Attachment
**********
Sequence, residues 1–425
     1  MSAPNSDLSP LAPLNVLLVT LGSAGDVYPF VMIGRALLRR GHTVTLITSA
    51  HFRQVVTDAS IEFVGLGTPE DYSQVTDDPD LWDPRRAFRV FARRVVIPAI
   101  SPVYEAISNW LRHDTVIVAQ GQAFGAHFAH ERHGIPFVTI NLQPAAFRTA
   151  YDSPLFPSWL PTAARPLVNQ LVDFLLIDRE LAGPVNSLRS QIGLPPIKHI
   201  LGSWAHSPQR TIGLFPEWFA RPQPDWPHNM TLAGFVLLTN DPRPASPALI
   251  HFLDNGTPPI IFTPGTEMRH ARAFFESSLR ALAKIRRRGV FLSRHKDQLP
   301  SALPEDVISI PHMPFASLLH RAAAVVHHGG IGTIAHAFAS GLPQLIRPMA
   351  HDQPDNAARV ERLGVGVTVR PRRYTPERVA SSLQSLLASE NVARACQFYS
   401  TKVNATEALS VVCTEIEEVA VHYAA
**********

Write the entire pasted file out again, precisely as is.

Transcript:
Sequence, residues 1–425
     1  MSAPNSDLSP LAPLNVLLVT LGSAGDVYPF VMIGRALLRR GHTVTLITSA
    51  HFRQVVTDAS IEFVGLGTPE DYSQVTDDPD LWDPRRAFRV FARRVVIPAI
   101  SPVYEAISNW LRHDTVIVAQ GQAFGAHFAH ERHGIPFVTI NLQPAAFRTA
   151  YDSPLFPSWL PTAARPLVNQ LVDFLLIDRE LAGPVNSLRS QIGLPPIKHI
   201  LGSWAHSPQR TIGLFPEWFA RPQPDWPHNM TLAGFVLLTN DPRPASPALI
   251  HFLDNGTPPI IFTPGTEMRH ARAFFESSLR ALAKIRRRGV FLSRHKDQLP
   301  SALPEDVISI PHMPFASLLH RAAAVVHHGG IGTIAHAFAS GLPQLIRPMA
   351  HDQPDNAARV ERLGVGVTVR PRRYTPERVA SSLQSLLASE NVARACQFYS
   401  TKVNATEALS VVCTEIEEVA VHYAA